The invitation asked Willis to serve as just one of 20 American religious scholars and nonprofit leaders selected by the U.S. State Department to participate in the inaugural Indonesia-U.S. Interfaith Cooperation Forum that was being held in Jakarta, Indonesia, Jan. 25-27 under the auspices of Religions for Peace.

“As soon as I read it, I knew I had to attend this,” Willis says. “It was a unique opportunity, and one I knew could not miss.”

The consultation was a follow-up to President Obama’s “New Beginning” speech in Cairo, Egypt where he called for interfaith cooperation, especially between Muslims and other faiths. Indonesia was chosen as the location for the first meeting by virtue of it being the largest Muslim nation in the world.

Willis, a Buddhist and renowned Buddhist scholar, was the only Buddhist from The United States invited and one of only two at the gathering; the other: (more…)

Barbara Juhasz, assistant professor of psychology, assistant professor of neuroscience and behavior, uses a non-invasive eye-tracking machine to examine cognitive processing. (Photo by Stefan Weinberger '10)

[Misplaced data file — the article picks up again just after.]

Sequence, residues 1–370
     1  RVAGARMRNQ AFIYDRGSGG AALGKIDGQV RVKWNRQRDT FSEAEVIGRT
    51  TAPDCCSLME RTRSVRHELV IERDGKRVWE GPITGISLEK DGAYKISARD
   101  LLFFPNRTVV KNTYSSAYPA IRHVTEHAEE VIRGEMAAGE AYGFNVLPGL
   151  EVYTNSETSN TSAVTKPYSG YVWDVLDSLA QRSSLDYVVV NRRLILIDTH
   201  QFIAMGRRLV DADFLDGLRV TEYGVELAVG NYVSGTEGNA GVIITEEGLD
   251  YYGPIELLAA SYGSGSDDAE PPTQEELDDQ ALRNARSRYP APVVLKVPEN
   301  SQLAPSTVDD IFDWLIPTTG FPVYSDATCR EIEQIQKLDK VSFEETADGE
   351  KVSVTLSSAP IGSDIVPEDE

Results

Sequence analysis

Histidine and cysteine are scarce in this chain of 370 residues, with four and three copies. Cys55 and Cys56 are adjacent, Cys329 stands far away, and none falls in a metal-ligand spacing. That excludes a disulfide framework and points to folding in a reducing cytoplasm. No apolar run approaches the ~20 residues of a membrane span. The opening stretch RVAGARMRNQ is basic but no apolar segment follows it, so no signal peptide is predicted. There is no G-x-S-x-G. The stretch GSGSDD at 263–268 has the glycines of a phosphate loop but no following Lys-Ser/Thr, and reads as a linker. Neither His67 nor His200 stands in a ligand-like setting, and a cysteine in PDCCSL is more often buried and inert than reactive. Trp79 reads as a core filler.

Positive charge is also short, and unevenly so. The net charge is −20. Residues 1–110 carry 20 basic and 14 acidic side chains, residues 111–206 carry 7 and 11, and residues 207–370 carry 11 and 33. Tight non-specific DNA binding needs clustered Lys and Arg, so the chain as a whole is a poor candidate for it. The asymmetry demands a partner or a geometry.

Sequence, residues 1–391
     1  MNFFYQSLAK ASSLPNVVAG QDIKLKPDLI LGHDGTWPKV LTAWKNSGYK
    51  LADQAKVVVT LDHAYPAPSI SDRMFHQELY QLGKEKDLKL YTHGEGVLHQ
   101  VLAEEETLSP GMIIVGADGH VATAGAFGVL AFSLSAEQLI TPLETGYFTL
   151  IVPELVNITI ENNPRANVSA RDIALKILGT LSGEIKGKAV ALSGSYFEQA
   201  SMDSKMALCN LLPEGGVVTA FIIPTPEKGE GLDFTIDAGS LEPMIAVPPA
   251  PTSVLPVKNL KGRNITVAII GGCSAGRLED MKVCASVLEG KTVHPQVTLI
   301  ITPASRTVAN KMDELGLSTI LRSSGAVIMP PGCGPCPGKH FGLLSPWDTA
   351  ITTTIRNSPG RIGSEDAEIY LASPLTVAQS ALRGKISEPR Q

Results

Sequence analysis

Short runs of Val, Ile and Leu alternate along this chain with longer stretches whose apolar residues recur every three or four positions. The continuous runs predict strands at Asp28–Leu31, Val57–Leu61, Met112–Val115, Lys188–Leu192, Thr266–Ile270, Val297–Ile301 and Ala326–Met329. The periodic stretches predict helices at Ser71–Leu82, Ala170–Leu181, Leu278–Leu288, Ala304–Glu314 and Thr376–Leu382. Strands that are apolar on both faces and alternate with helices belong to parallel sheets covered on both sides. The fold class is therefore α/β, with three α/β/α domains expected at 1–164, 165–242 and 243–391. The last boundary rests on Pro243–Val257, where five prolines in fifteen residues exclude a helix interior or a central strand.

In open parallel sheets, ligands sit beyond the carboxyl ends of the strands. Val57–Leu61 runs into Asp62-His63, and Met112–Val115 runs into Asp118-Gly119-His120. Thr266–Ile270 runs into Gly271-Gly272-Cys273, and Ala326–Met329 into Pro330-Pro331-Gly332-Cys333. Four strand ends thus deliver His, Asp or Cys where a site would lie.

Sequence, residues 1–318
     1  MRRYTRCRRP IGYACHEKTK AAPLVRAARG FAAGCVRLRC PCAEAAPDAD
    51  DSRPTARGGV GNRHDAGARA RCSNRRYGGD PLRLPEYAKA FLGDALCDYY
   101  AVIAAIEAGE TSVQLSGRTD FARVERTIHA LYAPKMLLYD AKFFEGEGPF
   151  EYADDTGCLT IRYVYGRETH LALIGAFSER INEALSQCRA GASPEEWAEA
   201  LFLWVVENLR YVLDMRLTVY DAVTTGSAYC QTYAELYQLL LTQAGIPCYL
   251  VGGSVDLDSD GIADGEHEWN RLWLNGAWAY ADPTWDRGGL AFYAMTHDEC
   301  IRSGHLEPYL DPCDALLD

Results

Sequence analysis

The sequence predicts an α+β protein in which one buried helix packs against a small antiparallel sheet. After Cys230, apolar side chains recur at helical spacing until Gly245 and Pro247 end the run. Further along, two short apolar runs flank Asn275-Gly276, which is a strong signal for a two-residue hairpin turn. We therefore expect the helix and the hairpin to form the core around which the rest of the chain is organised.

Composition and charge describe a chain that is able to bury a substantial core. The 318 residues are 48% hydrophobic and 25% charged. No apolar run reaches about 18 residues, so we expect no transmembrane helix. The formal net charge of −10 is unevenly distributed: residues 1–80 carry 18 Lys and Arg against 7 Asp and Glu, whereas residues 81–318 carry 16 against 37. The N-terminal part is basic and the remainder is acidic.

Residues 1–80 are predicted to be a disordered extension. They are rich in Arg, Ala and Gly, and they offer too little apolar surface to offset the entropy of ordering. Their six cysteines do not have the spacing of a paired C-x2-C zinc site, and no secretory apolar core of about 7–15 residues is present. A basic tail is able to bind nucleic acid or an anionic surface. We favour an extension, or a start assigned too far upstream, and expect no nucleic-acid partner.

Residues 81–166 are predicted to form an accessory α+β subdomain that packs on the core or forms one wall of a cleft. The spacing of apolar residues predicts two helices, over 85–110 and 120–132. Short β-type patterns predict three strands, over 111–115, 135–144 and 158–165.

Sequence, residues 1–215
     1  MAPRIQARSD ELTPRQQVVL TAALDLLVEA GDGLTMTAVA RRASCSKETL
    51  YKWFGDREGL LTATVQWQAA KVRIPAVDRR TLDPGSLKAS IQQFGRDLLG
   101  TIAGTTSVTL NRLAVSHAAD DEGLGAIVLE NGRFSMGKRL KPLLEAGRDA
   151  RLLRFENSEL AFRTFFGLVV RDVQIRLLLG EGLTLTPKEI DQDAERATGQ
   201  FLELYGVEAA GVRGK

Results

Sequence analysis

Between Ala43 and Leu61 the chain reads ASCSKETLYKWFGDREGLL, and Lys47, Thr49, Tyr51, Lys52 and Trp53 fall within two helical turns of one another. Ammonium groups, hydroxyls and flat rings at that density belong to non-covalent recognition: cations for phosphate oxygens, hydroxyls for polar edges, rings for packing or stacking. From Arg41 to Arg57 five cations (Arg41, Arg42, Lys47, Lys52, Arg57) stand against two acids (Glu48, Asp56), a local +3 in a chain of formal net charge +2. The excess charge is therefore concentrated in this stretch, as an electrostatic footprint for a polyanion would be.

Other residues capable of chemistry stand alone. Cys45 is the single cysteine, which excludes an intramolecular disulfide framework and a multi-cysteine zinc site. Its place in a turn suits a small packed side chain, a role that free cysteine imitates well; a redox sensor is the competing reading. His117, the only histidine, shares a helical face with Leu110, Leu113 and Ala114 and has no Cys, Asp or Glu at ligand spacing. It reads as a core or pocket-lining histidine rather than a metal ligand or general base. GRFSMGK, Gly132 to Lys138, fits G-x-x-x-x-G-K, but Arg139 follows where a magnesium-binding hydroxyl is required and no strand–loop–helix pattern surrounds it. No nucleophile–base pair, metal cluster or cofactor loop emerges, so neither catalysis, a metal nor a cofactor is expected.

Barbara Juhasz, assistant professor of psychology, assistant professor of neuroscience and behavior, uses a non-invasive eye-tracking machine to examine cognitive processing. (Photo by Stefan Weinberger '10)

This issue we ask 5 Questions of…Assistant Professor of Psychology and Assistant Professor of Neuroscience and Behavior Barbara Juhasz.

Q. How did you first become interested in psychology?

A. I’ve always been fascinated by how the mind works and why people behave the way they do. Since early in high school, I had the idea that I wanted to be a research psychologist. At that time, I really did not know what the field of psychology actually consisted of. Like most people, I believe, I thought psychology meant psychopathology. Once I started studying psychology at the college level, I realized that the field of cognitive psychology was what really interested me.